Our applicants are a diverse group with varied backgrounds and different levels of training. Nonetheless, the anxieties and fears seem to follow a pattern. To help you with your decision-making process, here are the questions we hear most often, and our answers.
Q How busy are the call nights?
A Sometimes there will be no case and you will get a good night’s sleep. Other times, you’ll get no sleep at all. Usually it’s somewhere between these two extremes. Importantly, in 2007 we eliminated 24 hour call shifts for the first call resident in the operating room, and for the call resident in Labor and Delivery. Both of these are now 12 hour first call shifts.
Q What is the attending staff like?
A The attending staff represents a diverse group that trained in some of the country’s most prestigious anesthesiology programs. This gives the resident the advantage of being exposed to many different viewpoints. Our typical attending physician has a wealth of clinical experience and an intellectual commitment to the advancement of anesthesiology, which includes being open to new ideas and techniques.
Most of our faculty have spent major portions of their professional lives here. Morale is high and turnover minimal. Many of our attendings are board certified in second and third specialties such as internal medicine, pediatrics, and critical care.
Q How do residents do on part one of the anesthesiology boards?
A A very high percentage of our graduating CA-3 residents annually pass the exam on their first try. Through the administration of monthly department tests and the Anesthesia Knowledge Test (AKT) program, we assess our residents frequently between the annual anesthesiology In-Training Exams. If a resident is having a problem during their training, we are quick to spot the difficulty and implement plans to get him or her back on track.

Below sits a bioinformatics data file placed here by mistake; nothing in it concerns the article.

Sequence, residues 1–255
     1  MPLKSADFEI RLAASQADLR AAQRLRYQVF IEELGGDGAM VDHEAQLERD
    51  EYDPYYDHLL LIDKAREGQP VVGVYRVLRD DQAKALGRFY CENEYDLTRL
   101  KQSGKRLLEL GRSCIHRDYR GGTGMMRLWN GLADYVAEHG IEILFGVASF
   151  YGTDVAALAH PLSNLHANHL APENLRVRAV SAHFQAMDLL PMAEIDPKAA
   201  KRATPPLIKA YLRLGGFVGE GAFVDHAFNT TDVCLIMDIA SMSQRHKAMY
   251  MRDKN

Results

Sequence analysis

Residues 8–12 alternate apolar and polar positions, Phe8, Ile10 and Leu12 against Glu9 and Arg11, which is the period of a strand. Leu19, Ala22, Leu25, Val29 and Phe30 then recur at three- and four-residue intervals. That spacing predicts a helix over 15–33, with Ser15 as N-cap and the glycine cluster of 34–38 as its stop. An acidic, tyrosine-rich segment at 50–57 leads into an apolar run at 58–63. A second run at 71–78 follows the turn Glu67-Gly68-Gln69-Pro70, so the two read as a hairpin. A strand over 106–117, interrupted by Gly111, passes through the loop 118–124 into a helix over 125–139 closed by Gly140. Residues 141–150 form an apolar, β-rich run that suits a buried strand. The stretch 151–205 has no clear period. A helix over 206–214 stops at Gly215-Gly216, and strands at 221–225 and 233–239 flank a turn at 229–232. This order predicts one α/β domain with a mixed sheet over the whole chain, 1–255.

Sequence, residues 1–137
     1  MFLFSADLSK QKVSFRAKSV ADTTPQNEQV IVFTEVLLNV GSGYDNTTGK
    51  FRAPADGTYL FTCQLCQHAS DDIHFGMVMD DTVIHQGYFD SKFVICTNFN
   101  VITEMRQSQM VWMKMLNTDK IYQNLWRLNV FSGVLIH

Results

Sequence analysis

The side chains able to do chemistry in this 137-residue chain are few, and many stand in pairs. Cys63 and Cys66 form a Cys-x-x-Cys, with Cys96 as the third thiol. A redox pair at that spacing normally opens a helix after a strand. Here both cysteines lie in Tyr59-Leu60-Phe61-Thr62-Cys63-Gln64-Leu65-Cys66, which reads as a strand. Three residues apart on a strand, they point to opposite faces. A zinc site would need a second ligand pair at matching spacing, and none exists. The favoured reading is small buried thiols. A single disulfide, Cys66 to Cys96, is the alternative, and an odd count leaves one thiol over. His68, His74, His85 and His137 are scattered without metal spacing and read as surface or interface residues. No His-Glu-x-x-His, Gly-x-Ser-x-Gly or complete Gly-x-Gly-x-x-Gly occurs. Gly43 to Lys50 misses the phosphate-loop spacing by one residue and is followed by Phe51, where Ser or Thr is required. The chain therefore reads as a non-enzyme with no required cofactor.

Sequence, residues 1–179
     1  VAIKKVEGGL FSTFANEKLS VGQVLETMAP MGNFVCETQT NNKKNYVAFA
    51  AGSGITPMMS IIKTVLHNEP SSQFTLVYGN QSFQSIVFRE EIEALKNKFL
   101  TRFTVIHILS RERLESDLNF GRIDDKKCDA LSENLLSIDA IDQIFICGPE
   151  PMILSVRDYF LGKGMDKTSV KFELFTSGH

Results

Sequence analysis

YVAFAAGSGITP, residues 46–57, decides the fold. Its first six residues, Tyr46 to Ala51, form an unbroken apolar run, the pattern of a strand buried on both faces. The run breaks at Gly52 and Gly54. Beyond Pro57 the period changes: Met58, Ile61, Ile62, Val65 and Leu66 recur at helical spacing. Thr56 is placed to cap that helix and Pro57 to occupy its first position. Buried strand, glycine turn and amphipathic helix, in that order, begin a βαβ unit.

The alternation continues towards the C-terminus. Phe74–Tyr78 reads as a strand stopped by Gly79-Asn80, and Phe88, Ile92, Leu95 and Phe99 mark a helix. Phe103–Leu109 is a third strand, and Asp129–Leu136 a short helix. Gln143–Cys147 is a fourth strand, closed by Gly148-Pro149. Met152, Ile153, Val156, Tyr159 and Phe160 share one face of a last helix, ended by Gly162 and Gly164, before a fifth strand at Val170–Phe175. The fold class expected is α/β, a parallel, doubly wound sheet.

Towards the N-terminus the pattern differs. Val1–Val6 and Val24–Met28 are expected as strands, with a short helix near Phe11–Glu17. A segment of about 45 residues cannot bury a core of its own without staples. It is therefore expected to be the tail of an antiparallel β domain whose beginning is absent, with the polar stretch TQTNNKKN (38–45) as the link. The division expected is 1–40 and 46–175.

Q Are CA-3 residents able to get the jobs that they really want?
A Our graduating residents have consistently gotten the positions they wanted-both in fellowships, clinical practice, and academia. About 70 to 80 percent of residents choose to do fellowships after graduation. About 20 to 30 percent of graduates take positions in private practice and/or academic anesthesiology. In the past few years, some of our graduates have secured fellowship positions in regional anesthesia, OB anesthesia, pediatric anesthesia, pain medicine, and cardiothoracic anesthesia at outstanding programs that include Stanford, Northwestern, the Hospital for Special Surgery, Cedars-Sinai, Duke University, Columbia, University of Pittsburgh, Medical College of Wisconsin, Virginia Mason in Seattle, the Medical University of South Carolina, Case Western Reserve, Vanderbilt, the University of California at San Diego, the University of Washington, Mount Sinai/St Luke’s-Roosevelt, Riley Children’s in Indianapolis, Cincinnati Children’s, National Children’s in Washington, D.C., and the Harvard-affiliated Brigham and Women’s Hospital. Our graduates have usually been able to relocate to the part of the country where they want to be. Of course, we always try to entice the best and the brightest to join our staff at University of Illinois.
Q How much are residents paid?
A Resident Stipends Fiscal 2017-2018
Residents receive 4 weeks of vacation during their Clinical Base and CA-1 training years. In addition to four weeks of vacation during their CA-2 and CA-3 training years, they are also entitled to one conference week during each of these years.